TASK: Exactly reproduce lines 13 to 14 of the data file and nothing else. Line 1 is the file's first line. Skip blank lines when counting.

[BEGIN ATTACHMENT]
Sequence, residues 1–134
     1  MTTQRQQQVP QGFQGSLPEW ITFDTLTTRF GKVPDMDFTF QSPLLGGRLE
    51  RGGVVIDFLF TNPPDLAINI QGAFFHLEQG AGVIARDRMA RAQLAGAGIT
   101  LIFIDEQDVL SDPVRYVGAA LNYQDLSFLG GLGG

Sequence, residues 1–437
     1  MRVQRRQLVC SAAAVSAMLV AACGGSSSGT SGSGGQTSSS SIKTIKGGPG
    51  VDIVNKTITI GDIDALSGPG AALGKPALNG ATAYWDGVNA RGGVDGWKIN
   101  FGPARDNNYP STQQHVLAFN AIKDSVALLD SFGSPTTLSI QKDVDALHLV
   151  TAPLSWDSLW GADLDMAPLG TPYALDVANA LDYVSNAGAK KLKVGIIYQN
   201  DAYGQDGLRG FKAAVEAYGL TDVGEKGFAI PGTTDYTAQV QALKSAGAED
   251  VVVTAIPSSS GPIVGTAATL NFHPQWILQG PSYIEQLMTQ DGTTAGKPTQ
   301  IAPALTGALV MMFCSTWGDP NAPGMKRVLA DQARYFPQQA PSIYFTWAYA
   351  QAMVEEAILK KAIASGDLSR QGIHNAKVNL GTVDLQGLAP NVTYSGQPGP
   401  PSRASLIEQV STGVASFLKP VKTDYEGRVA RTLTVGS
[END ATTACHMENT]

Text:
   351  QAMVEEAILK KAIASGDLSR QGIHNAKVNL GTVDLQGLAP NVTYSGQPGP
   401  PSRASLIEQV STGVASFLKP VKTDYEGRVA RTLTVGS